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The county’s leading business body today (25 May) warned that initial Government proposals to tax big online retailers could have serious implications for Suffolk’s smaller companies which sell goods and services online.

Suffolk Chamber of Commerce has responded to The Treasury’s initial consultation into an Online Sales Tax (OST), proposals for which were included in the recent Queen’s Speech and come after it abandoned its promised review of the much-criticised Business Rates system.

Paul Simon, head of public affairs and strategic communications said: “At first glance, the OST appears to be aimed at major internet retailers that are perceived to not be paying their fair share of tax – in part because they do not have high street locations which attract higher business rateable values than their out-of-town equivalents.

“Yet, we are worried from how the consultation is worded that any future OST proposals could potentially impact on every single business which transacts online or even over the phone. This Trojan horse aspect is very worrying, not least as since the COVID19 pandemic, far more smaller enterprises than ever before have developed an online presence to grow their business and make it more resilient.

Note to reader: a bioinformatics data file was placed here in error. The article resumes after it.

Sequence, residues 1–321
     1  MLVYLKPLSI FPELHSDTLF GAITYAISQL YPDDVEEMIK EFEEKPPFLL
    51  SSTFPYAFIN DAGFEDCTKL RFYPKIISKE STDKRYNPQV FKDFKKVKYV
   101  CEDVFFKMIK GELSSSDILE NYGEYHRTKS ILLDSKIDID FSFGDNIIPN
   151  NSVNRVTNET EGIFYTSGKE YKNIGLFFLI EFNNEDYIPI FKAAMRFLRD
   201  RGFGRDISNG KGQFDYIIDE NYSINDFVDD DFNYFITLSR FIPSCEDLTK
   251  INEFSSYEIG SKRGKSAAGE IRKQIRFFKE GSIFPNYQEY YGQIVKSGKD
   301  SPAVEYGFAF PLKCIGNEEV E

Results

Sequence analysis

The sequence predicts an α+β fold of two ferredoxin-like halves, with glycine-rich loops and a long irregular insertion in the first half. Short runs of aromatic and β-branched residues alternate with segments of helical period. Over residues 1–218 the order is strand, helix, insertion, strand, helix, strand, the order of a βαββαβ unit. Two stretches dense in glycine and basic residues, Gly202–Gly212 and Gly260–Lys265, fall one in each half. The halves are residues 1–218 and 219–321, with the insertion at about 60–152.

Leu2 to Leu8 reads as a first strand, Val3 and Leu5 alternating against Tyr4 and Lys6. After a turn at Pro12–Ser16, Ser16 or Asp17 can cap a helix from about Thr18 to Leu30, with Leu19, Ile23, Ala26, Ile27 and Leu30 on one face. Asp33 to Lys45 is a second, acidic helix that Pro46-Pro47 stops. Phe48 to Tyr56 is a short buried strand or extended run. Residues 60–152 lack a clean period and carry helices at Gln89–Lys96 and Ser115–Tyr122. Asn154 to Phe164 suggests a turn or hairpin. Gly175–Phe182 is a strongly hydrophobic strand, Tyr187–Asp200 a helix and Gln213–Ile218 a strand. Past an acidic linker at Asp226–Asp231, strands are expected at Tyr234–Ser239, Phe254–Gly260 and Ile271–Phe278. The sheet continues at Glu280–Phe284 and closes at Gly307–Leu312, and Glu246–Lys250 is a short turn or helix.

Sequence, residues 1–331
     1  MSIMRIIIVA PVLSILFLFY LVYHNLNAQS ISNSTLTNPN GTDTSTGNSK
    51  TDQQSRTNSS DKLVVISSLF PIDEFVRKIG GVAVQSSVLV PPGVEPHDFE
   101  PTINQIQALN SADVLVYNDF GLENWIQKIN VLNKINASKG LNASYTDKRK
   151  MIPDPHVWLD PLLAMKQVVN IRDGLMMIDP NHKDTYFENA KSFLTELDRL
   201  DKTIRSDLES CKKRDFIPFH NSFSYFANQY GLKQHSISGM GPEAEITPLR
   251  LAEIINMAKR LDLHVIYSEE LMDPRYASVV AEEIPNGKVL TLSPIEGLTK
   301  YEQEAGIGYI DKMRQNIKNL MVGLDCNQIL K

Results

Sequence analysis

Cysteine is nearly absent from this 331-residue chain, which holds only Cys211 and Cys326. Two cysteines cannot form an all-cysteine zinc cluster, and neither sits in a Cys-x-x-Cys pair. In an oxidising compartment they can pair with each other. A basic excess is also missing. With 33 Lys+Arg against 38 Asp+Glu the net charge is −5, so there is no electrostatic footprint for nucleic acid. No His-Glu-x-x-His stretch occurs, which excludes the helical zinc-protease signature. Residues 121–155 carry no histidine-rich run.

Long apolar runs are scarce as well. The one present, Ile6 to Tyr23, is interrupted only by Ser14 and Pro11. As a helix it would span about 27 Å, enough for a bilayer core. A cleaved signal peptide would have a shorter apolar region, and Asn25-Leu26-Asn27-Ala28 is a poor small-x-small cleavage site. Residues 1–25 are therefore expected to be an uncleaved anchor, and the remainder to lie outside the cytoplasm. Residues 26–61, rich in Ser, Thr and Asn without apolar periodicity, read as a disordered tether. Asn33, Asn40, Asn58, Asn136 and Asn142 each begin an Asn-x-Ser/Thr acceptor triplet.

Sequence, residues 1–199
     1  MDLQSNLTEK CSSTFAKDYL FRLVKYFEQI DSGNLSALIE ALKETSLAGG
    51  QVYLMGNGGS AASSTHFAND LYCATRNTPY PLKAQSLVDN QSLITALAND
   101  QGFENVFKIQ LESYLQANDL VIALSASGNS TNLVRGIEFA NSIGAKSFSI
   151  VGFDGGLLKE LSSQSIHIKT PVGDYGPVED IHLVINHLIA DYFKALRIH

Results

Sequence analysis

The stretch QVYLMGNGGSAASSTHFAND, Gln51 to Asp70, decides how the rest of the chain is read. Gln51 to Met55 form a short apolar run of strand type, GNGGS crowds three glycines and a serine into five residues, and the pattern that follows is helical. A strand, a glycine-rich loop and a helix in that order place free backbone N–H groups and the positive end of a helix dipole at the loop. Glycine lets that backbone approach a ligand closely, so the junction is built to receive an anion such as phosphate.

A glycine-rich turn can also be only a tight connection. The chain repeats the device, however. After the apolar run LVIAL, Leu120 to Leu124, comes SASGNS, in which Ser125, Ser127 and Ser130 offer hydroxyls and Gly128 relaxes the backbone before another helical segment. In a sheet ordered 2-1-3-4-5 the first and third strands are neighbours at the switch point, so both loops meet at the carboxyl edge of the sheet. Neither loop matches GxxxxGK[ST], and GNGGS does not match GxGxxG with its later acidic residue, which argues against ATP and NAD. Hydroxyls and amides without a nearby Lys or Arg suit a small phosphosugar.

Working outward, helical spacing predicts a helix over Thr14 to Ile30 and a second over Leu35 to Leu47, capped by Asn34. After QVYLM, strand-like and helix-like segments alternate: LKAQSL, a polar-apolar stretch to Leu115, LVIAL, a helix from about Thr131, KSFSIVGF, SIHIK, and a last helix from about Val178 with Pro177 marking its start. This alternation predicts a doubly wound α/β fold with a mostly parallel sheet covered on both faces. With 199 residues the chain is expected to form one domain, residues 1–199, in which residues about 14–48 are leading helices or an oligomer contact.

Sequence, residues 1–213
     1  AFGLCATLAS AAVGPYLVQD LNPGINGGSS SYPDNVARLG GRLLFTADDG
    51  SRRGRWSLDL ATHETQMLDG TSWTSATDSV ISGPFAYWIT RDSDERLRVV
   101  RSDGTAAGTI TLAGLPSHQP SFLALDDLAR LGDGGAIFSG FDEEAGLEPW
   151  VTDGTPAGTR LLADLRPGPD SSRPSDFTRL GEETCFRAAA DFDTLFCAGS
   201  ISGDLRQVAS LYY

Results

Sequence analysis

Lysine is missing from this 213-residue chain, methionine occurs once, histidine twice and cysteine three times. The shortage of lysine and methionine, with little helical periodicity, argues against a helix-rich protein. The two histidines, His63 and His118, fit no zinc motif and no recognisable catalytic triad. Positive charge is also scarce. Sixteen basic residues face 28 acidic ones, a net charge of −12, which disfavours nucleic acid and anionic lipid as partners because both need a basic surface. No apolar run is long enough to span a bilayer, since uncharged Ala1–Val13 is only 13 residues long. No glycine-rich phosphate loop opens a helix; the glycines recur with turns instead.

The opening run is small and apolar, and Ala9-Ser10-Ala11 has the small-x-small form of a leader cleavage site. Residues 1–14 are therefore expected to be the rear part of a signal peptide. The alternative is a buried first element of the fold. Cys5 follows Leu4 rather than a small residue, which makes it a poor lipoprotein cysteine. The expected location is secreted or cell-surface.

“Given our county’s growing strengths in warehousing and allied sectors, we are especially worried that an OST would have a disproportionate potential impact on the Suffolk business community and our members in particular.”

In its response to The Treasury, Suffolk Chamber has said that would like to see comprehensive business rates reform rather than the OST.

However, if the Government does decide to introduce an OST, the Chamber is calling for a total exemption for SMEs, regardless of the type of business and the value their ‘remote’ or ‘online. The threshold for exemption could be based on turnover or an equivalent metric, in a similar way to the setting of the threshold for the Apprenticeship Levy based on payroll.

Suffolk Chamber has written to all seven of the county’s MPs asking for their support and has teamed up with its national body, the British Chambers of Commerce with further evidence once the results of the consultation have been published later in the summer.

Paul Simon added: “We are very vigilant on this. Too many growing Suffolk firms risked being penalised by an OST that doesn’t exempt smaller going concerns.”

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Suffolk Chamber

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